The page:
Have you wondered what the difference between sRGB and Adobe RGB profiles? There both RGB aren’t they?
Yes, they are both RGB, but they are completely different in color appearance. It’s interesting to note that the same RGB color values will display completely different colors on your monitor.
As a general rule, I will use sRGB for anything that has skin tones or the image contains a softer mood. I use Adobe RGB for landscape, food, architecture and any other natural setting where I want maximum color.
Watch and listen to the differences explained in 3D wire frame of the color volume for each profile.
By using Adobe RGB you will obtain much richer color on press when printed on coated stock.
Questions? Leave your comments below…
[learn_more caption=”Transcript of Video” state=”open”]
Today we’re going to explain the differences between the two common RGB color profiles, sRGB and Adobe RGB. Right now you’re looking at 3-dimensional wire frame of the sRGB color profile.
[00:18] If we take a look from the top down, along the bottom you’ll see an outline in two dimensions of the size of the color gamut.
[00:30] Within Color Think, we can quantify the number of colors in the gamut. You’ll notice here that the gamut volume is approximately nine hundred thousand different colors. A very big color profile.
[00:45] sRGB is known as the lowest common denominator so depending on whether you have a high-end Eizo monitor or low-cost Dell monitor, whatever it happens to be, it kind of dummifies the color so that the color looks consistent on each of those devices.
[0:01:00] Now when we move up into the Adobe color profile, (going to turn on here) notice along the bottom that it’s gotten much larger and you can see all along the bottom here, especially in the cyan and the green, that it’s pretty much proportional in that you can see its much larger.
[0:01:20] What I’m going to do here is I’m going to turn up the opacity and you’ll notice that the Adobe RGB color profile will pretty much encompass the entire sRGB profile. And notice how much larger it is now. And to give you an idea as far as to quantify the colors within Adobe RGB, we’re looking at 1.3 million colors. Almost forty five percent more colors them which you’re going to get with sRGB.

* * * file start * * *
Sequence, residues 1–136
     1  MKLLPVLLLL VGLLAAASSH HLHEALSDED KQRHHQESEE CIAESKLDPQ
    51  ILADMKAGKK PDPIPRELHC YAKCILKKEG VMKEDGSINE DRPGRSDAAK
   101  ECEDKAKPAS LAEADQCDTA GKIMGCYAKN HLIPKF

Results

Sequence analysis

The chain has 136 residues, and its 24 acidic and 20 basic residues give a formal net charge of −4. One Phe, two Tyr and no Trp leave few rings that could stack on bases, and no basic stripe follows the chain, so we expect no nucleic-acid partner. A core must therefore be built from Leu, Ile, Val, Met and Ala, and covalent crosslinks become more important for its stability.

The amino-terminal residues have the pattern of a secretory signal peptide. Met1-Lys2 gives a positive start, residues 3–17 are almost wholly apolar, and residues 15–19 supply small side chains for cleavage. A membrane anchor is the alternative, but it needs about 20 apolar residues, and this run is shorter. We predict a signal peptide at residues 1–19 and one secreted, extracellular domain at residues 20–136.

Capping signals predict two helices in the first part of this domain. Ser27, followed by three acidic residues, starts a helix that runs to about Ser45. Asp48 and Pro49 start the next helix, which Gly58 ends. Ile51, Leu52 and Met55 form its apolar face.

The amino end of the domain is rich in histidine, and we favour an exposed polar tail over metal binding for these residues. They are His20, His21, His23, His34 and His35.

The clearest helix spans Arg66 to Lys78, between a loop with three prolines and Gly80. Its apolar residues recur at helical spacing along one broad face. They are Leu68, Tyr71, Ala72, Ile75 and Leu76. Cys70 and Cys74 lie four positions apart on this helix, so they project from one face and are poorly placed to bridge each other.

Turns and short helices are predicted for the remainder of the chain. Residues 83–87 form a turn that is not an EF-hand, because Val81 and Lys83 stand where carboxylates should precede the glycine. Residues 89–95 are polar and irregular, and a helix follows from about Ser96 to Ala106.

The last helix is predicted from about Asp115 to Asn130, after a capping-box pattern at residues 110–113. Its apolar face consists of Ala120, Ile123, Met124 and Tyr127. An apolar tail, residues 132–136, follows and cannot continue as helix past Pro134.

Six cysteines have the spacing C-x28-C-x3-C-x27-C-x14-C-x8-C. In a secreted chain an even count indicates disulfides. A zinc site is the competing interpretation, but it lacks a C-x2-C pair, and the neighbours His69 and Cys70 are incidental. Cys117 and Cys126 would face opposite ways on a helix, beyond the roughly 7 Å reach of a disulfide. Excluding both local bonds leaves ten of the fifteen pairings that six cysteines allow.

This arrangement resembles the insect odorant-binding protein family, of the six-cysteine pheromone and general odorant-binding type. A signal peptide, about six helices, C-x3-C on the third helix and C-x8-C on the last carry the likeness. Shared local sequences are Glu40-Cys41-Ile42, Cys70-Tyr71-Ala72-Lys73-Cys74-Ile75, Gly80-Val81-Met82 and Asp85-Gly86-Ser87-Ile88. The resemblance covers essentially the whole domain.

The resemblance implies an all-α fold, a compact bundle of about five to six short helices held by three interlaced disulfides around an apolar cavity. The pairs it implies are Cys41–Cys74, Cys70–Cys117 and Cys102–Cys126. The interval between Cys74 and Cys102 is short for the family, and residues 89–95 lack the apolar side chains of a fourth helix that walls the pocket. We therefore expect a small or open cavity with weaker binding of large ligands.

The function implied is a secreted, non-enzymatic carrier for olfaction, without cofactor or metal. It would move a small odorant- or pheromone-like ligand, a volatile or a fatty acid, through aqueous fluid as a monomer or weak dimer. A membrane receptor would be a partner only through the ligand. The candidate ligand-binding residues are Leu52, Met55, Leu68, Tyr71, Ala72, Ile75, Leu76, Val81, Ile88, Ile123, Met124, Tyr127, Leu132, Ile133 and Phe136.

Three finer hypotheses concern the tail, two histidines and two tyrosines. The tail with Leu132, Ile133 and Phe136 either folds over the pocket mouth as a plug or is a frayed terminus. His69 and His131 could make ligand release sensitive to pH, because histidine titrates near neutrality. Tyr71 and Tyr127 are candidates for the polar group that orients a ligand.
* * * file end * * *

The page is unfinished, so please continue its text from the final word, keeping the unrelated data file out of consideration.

[0:01:50] Now how does this apply within Photoshop working with your images? I’m going to boot-up Photoshop and hide the background. And you’ll get an idea when I bring in an image here, the image looks really good.
[0:02:08] This is shot outdoors and we’re going to assign our profile. You’ll notice right now that we are in the sRGB color space and the image looks very good. If we toggle into the Adobe RGB color space, notice what happens with the color.
[0:02:28] The color greatly enrichens and it makes it much more lively. You’ll notice where our sample points are that the data itself will not change. So we’ll toggle back and forth and notice the color shift but the data itself did not change. That’s important to note because what’s happening is the Adobe RGB color profile is sending a different signal to Photoshop to display the color in a much more vibrant color space.
[0:02:57] Personally when I do anything with portraits or skin, I will use the sRGB color profile and if it’s outdoors or food or architecture I will go with the Adobe RGB profile to get a much more vibrant looking print when i go to press.
[0:03:16] So that’s it for today. I hope you enjoyed the tutorial and leave a comment.[/learn_more]
Fitness model photography courtesy Mike Byerly Photography